What makes the words, ideas, and characters of William Shakespeare—an Englishman—so central to American life and thought?
Through a fascinating selection of rare letters, costumes, books, and more, America's Shakespeare reveals how Americans have made Shakespeare our own. The story begins with the Revolutionary War, when America's founders left Britain behind, but took Shakespeare with them. A broad range of items traces Shakespeare's ever-changing role in American culture, from westward expansion and the Civil War to stage, screen, and radio, debates over war, politics, and race, and the latest forms of digital media today.
Part of The Wonder of Will, a Folger celebration of 400 years of Shakespeare
President Abraham Lincoln loved Shakespeare and was an avid theater-goer. In an 1863 letter to actor James Hackett that can be seen in the exhibition, Lincoln remarks that he has frequently read "Lear,' 'Richard Third,' 'Henry Eighth', 'Hamlet,' and especially 'Macbeth.'" "I think none equals 'Macbeth,'" he continues.
On April 15, 1865, Lincoln was assassinated by actor John Wilkes Booth at Ford’s Theatre in Washington, D.C., and the theater was draped in black for mourning. Ironically, as Booth fled into hiding, he also quoted from Macbeth in the last words of his diary: “I must fight the course.’ Tis all that’s left me.”
The lithograph above depicts John Wilkes Booth shooting Lincoln with a quotation from Macbeth.
"Hath borne his faculties so meek; has been
so clear in his great office; that his virtues
shall plead, tramped-tongued, against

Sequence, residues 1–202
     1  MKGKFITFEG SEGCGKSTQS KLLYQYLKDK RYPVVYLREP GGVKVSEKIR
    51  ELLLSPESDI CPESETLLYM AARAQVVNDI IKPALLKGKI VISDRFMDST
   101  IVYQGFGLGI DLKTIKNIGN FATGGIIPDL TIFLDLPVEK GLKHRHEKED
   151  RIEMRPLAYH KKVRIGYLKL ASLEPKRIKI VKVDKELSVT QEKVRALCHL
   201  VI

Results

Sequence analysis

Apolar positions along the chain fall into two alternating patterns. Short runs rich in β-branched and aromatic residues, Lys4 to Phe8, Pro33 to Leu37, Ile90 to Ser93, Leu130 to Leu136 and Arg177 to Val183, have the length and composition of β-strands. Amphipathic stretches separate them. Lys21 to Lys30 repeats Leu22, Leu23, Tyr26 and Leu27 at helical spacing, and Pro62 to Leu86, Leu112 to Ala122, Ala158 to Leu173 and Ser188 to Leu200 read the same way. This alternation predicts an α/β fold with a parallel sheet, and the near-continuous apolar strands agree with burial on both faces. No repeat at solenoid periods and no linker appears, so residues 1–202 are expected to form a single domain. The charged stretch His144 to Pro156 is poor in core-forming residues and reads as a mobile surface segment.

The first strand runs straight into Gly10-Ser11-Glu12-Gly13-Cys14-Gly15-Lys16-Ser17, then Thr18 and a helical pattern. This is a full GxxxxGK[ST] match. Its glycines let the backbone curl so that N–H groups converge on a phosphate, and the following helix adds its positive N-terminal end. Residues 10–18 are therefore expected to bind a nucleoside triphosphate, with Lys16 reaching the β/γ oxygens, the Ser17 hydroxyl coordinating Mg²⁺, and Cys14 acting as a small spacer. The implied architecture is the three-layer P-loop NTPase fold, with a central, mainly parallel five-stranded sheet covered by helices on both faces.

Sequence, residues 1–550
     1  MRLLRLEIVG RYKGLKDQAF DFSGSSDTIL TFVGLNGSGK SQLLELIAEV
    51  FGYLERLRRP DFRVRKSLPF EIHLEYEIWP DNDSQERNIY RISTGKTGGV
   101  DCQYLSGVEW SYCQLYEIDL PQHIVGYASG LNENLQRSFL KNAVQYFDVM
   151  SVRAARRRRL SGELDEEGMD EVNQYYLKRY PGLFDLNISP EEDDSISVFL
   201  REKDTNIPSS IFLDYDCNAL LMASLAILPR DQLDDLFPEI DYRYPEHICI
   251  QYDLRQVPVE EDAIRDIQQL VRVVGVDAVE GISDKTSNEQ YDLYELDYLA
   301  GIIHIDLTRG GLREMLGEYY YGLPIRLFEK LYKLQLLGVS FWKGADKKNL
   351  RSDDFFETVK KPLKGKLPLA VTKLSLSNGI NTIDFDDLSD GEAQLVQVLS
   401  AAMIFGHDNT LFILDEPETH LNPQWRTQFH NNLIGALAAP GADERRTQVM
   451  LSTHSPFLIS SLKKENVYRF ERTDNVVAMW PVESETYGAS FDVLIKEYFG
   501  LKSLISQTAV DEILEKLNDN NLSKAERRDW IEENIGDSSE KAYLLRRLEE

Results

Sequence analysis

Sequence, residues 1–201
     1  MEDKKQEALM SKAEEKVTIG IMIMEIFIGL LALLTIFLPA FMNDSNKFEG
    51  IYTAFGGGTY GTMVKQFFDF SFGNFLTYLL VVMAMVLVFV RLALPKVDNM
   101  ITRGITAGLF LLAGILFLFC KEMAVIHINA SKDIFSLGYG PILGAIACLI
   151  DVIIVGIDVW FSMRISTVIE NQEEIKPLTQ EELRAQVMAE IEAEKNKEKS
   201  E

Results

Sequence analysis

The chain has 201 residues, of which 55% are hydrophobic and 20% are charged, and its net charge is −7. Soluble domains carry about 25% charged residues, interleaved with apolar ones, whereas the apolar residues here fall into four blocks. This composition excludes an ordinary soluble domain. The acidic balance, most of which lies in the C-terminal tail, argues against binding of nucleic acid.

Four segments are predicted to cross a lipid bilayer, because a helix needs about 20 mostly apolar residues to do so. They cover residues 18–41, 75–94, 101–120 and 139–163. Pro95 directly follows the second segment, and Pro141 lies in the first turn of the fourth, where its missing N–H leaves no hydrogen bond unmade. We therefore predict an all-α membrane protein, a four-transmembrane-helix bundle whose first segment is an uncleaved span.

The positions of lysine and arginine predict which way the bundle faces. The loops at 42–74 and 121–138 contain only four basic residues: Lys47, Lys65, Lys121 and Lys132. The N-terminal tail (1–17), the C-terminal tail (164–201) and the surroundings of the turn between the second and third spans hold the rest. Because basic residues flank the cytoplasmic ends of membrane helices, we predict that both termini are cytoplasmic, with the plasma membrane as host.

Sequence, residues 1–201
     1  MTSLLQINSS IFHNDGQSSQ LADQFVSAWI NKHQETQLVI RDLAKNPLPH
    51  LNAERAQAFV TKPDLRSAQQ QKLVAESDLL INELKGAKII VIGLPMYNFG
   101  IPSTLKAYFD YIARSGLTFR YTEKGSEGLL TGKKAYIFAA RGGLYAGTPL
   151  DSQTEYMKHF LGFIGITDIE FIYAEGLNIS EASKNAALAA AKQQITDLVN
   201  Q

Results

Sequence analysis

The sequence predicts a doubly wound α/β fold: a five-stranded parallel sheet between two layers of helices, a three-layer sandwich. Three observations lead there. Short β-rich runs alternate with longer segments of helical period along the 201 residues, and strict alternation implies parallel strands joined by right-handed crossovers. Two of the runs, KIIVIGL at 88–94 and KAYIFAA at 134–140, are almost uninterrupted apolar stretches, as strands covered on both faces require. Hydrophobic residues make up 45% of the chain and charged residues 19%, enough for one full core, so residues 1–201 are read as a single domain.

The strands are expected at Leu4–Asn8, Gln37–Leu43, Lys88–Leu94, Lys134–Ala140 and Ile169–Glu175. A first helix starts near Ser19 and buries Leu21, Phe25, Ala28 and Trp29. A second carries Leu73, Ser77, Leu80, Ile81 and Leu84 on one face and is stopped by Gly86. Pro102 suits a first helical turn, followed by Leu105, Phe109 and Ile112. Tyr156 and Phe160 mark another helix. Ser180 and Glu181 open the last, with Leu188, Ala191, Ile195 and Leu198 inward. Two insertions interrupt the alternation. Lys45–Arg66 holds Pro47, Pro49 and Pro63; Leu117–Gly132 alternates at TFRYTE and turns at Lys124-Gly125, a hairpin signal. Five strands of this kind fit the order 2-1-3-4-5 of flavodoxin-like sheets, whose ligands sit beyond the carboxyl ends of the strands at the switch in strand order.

the deep damnation of his taking off."
Whitman found Shakespeare undemocratic in many respects. He wrote preliminary notes for his essay “Shakspere for America,” on the back of two envelopes, the manuscript of which you can see in the exhibition. In the essay, Whitman honors Shakespeare for his influence on modern literature, but he feels that the playwright is too attached to the English aristocratic past and not in tune with America’s democratic future. Yet there is no doubt that Whitman loved what he called Shakespeare's "riches"; he carried around a copy of Shakespeare's Poems and owned Shakespeare's Works, one of which you see above.
Ada Rehan (1857-1916) was the stage name of Ada Crehan, a popular 19th century actor. Rehan played many of Shakespeare's comic heroines including Viola in Twelfth Night, Rosalind in As You Like It, Beatrice in Much Ado About Nothing, and Kate in Taming of the Shrew - her signature role.
Rehan had to grow into the more subdued role of Viola, but she eventually excelled in that as well. A critic called it “one of the best Shakespearean interpretations of the time.” Rehan wore the costume shown here when she played Viola disguised as the young male servant, Cesario, in Twelfth Night. You see a printed version of the play with Rehan's signature , as well as a costume design for Cesario, and a photograph of Cesario and Malvolio from the production in the exhibition along with the costume itself.